Vic Caruana (left)
  • Vic Caruana (left)
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Korean War veteran Vic Caruana is known throughout coastal North County as “the flag guy.” He helps local businesses maintain their American flags and takes part in flag-raising ceremonies.

On January 31, Caruana was asked to raise the first American flag to be hoisted at the soon-to-open Green Dragon Tavern & Museum in Carlsbad.

The 85-year-old Marine was joined by four of who he called “my boys,” a Marine honor guard from Camp Pendleton. Wanting to be sure the flag was made in the USA, Caruana obtained it from a Philadelphia manufacturer and presented it to the honor guard at 8:00 a.m. sharp.

Under construction for over a year, the 22,000 square-foot Green Dragon Tavern is located on the southeast corner of I-5 at Palomar Airport Road. The two-story building, constructed with red bricks and with large white columns, is reminiscent of the 1700s colonial period; it’s an enhanced version of Boston’s original Green Dragon Tavern.

Established in 1714, the Green Dragon Tavern is credited by historians as being the underground headquarters of the Revolution — where the Tea Party was planned and where Paul Revere started his famous ride.

Carlsbad’s Green Dragon Tavern’s general manager, John Lek, announced that the restaurant, coffee shop, and bar will be opened to the public on February 12. The museum contains many documents from the Revolutionary War period: items from the personal collection of one of the restaurant’s three owners and pieces on loan from the New England Historical Geological Society and the Pilgrim Hall Museum (the oldest museum in the U.S.)

One of the amazing pieces on display is a document signed by Plymouth Colony resident Peregrine White. White is credited with being the first “American,” having been born on the Mayflower's first voyage to Plymouth Rock.

When asked about the choice of locations for a colonial-period museum, seemingly out of place one block from the Pacific Ocean — like a surfing museum in Kansas — Lek said the Green Dragon is the first of its kind on the West Coast. “The establishment will celebrate, remember, and honor early American history and the contributions of our founding Fathers,” he said.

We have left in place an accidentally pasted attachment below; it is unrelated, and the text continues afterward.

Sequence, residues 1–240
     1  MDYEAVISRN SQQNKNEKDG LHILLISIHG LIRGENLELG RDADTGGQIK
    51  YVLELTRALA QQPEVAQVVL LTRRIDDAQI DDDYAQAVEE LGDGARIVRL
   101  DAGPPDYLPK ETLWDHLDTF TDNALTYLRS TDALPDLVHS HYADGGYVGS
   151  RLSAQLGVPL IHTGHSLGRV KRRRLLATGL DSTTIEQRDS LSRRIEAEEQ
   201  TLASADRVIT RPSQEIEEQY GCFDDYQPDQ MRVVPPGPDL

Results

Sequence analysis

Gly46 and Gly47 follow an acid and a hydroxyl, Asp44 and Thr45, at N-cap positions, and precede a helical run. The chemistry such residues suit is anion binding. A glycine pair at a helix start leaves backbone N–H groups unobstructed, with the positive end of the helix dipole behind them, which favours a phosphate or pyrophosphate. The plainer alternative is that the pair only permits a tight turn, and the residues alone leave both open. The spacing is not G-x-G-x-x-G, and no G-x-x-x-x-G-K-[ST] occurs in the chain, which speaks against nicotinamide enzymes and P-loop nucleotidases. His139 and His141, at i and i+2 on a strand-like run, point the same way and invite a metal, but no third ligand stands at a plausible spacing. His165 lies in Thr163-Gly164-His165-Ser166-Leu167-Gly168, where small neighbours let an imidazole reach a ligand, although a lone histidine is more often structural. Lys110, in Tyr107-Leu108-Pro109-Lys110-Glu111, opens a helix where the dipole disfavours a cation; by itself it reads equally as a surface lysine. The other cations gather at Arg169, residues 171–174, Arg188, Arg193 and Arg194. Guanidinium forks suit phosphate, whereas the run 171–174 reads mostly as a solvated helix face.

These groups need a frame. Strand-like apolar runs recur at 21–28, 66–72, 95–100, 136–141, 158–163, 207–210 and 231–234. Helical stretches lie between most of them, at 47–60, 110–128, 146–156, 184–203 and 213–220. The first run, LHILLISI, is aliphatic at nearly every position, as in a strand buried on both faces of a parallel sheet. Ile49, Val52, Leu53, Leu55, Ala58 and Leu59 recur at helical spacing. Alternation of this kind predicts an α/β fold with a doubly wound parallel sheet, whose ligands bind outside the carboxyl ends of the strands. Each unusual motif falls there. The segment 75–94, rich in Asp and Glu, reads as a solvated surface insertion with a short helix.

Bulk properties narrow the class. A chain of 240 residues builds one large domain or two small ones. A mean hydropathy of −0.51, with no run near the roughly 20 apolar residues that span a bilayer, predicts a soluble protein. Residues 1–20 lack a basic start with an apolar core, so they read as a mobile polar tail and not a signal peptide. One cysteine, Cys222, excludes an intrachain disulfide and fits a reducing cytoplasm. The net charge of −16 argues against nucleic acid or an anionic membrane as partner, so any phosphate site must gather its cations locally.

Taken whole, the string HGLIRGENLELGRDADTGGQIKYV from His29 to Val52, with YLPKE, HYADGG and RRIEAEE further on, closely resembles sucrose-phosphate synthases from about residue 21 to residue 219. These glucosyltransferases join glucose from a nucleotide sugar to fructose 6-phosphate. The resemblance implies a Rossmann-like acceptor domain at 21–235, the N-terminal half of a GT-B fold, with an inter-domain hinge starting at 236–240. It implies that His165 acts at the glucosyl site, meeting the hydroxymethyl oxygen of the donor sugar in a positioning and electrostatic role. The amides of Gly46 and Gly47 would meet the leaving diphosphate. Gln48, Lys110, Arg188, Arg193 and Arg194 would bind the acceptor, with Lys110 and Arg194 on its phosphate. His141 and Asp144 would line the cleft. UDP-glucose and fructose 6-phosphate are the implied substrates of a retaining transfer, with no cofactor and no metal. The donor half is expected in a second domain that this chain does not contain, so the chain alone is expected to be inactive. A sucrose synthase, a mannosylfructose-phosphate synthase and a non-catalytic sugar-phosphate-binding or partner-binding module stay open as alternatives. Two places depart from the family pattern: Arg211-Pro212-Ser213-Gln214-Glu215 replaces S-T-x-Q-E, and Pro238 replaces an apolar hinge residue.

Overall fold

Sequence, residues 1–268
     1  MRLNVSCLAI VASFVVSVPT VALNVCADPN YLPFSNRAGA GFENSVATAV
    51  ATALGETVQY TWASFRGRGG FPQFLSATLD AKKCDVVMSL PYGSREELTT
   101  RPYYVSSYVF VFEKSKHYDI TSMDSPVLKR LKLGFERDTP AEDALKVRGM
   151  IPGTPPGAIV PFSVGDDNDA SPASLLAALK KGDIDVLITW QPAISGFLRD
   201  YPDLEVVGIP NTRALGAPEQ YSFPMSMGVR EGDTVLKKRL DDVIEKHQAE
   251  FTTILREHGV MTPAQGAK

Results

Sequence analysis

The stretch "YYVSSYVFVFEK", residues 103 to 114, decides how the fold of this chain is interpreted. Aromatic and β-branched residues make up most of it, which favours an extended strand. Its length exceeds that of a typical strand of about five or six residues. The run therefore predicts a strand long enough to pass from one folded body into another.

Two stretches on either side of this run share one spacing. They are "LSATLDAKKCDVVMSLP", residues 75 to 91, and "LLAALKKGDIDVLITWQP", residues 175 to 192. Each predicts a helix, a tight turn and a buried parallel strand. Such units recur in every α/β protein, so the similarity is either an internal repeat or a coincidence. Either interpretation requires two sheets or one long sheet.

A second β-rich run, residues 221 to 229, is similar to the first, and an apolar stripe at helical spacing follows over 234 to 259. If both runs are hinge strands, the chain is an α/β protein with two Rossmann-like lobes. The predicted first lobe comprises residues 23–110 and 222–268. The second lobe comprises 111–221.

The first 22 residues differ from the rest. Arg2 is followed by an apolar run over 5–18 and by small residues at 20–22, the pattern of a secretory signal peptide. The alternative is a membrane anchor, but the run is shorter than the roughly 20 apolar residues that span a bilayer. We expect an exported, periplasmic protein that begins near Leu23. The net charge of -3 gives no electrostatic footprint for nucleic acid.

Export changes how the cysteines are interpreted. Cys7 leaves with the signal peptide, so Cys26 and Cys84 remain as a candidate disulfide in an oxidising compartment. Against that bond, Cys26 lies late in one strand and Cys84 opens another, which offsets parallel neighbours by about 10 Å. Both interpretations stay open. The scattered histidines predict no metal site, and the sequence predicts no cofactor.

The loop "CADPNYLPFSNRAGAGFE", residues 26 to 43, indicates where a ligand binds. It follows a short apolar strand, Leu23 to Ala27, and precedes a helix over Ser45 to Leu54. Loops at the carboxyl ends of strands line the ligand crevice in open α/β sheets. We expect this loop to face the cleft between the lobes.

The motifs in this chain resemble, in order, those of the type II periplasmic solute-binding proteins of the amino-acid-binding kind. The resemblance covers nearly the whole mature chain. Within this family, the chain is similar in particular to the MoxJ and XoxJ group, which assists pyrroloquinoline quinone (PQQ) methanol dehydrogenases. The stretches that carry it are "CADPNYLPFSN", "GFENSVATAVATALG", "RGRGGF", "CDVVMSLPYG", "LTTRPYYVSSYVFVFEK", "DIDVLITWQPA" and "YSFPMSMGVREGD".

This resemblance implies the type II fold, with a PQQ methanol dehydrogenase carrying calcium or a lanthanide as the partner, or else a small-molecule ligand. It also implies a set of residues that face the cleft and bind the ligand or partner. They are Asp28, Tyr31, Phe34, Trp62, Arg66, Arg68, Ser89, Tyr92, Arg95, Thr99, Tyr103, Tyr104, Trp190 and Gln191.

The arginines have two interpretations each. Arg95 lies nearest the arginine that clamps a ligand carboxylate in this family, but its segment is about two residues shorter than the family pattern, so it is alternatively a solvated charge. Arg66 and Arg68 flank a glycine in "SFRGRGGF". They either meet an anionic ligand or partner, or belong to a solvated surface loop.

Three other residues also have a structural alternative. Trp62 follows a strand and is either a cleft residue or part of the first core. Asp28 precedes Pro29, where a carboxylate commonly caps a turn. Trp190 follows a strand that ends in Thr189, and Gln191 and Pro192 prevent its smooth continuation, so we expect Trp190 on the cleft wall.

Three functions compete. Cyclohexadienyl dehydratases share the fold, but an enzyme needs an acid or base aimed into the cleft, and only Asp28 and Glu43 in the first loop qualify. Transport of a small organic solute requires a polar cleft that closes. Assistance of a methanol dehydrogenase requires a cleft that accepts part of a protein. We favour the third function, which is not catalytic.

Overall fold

The tavern has a former history teacher on staff who is putting together a colonial period curriculum and will be coordinating field trips for local schools.

When interviewed, retired Marine Caruana said, “Today is not about me, it’s about the flag.” Several other veterans turned out for the invitation-only event.

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shirleyberan Feb. 1, 2014 @ 2:22 p.m.

My Dad was a Korea Combat Veteran - Max C. Brand - who would have been about this lovely man's age, but my dad (not Ed's) died in his mid-70's. Bless the Vets, So So Much.


Abbibruno Feb. 1, 2014 @ 7:49 p.m.

I erred in not replying... Please read my post.


Abbibruno Feb. 1, 2014 @ 7:45 p.m.

Shirleyberan - yes, Max C. Brand was Ed's father, by definitive choice. He raised Ed as his own, as most decent loving adoptive parents do.


shirleyberan Feb. 2, 2014 @ 11:02 a.m.

Abbibruno - Ed was jealous and made sure my parents put him first.


shirleyberan Feb. 2, 2014 @ 4:39 p.m.

Abbi Brand - you have never understood - read Suzzane Luzzaro's work - he's got more to answer for.


Abbibruno Feb. 2, 2014 @ 5:04 p.m.

In my opinion It is you who have never taken any responsibility for your actions/decisions/outcomes, yet you continually continue to blame others. I am, and will continue to be, proud of Ed's accomplishments and success.


Ken Harrison Feb. 4, 2014 @ 5:47 a.m.

Shirleyberan and abbibruno, the rest of us can't follow what you are arguing about. Suggestion: pick up the phone and talk this out. There's a lot of long term underlying anger in both your comments. Not good for either of you. Do it in honor of Mr. Brand who's name started this whole thing.


shirleyberan Feb. 4, 2014 @ 4:05 p.m.

Ken - sorry for using your column for this but it's already very over.


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